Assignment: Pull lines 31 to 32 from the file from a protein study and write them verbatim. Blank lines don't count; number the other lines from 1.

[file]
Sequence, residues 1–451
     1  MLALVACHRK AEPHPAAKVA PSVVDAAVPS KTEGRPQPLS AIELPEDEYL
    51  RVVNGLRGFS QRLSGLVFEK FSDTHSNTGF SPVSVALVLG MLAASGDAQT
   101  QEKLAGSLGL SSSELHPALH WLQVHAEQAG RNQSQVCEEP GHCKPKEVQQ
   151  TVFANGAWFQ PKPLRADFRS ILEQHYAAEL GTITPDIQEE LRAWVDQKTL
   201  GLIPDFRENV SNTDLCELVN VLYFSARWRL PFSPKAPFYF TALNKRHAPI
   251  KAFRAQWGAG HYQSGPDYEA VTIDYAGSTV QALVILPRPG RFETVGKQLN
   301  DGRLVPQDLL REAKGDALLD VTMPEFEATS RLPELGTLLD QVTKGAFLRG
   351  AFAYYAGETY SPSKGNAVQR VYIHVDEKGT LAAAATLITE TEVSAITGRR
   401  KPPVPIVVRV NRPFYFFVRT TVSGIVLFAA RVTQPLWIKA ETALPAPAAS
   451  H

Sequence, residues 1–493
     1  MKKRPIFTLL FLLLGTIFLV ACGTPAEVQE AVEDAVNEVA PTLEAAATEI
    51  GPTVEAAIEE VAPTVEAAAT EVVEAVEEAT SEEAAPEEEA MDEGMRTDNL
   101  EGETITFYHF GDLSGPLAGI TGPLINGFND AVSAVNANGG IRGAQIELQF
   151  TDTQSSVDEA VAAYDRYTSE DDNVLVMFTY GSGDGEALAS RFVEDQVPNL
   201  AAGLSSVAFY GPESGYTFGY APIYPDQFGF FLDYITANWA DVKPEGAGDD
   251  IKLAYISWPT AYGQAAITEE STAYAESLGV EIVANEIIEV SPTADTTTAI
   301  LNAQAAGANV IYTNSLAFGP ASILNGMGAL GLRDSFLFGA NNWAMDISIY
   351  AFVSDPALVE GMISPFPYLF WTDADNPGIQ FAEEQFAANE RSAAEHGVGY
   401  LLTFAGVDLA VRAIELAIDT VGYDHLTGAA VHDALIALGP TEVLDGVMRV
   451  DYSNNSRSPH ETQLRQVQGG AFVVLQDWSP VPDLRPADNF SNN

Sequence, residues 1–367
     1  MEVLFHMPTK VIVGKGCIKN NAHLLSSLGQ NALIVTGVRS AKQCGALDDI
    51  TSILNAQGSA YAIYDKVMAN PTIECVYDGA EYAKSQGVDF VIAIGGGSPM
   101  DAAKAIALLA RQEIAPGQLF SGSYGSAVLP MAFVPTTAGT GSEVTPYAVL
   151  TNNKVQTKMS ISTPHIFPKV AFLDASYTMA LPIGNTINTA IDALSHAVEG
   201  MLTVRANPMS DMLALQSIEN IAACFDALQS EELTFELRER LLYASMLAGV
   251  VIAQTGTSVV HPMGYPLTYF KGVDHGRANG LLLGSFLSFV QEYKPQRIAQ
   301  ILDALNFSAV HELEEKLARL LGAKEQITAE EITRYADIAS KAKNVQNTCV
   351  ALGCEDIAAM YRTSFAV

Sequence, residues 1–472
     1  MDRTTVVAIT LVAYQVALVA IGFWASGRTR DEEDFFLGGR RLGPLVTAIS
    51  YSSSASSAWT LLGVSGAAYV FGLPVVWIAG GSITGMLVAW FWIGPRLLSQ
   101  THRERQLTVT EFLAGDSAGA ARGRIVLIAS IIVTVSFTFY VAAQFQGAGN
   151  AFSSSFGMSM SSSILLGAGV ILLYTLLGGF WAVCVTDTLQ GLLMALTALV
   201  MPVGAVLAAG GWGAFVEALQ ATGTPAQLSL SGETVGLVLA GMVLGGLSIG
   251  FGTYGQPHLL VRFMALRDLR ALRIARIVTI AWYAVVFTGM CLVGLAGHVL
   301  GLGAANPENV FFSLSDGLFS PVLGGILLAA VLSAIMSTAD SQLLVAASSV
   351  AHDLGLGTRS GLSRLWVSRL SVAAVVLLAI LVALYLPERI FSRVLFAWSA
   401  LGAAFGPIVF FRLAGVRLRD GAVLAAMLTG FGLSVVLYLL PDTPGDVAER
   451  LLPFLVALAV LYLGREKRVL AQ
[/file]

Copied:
   351  ALGCEDIAAM YRTSFAV

Sequence, residues 1–472